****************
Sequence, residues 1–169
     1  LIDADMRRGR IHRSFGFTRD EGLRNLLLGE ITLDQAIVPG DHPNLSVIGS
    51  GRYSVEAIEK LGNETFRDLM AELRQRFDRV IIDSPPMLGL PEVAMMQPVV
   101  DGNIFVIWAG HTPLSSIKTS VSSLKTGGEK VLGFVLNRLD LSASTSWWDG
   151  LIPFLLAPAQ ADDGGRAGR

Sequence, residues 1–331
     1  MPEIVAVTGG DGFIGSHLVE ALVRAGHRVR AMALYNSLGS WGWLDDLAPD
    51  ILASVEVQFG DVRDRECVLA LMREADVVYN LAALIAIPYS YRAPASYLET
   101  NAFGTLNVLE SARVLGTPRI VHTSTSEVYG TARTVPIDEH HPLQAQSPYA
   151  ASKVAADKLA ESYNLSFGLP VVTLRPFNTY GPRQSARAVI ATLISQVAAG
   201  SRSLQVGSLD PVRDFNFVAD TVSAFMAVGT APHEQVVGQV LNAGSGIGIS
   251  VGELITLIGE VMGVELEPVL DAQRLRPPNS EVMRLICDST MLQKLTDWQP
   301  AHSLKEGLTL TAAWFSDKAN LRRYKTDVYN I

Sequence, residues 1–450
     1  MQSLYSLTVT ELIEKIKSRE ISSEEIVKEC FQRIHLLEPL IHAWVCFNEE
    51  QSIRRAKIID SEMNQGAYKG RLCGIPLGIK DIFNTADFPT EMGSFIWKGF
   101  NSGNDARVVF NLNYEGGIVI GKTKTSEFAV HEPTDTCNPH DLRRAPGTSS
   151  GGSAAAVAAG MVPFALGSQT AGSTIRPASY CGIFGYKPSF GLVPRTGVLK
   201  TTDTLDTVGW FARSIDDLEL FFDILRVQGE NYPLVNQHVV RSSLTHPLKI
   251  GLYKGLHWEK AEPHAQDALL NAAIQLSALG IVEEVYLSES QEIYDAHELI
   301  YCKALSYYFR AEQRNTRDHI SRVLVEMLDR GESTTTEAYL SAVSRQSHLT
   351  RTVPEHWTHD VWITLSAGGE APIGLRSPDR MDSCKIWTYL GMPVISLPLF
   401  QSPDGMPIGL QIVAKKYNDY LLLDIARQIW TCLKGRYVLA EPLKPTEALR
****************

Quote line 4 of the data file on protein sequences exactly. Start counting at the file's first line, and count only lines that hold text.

   101  DGNIFVIWAG HTPLSSIKTS VSSLKTGGEK VLGFVLNRLD LSASTSWWDG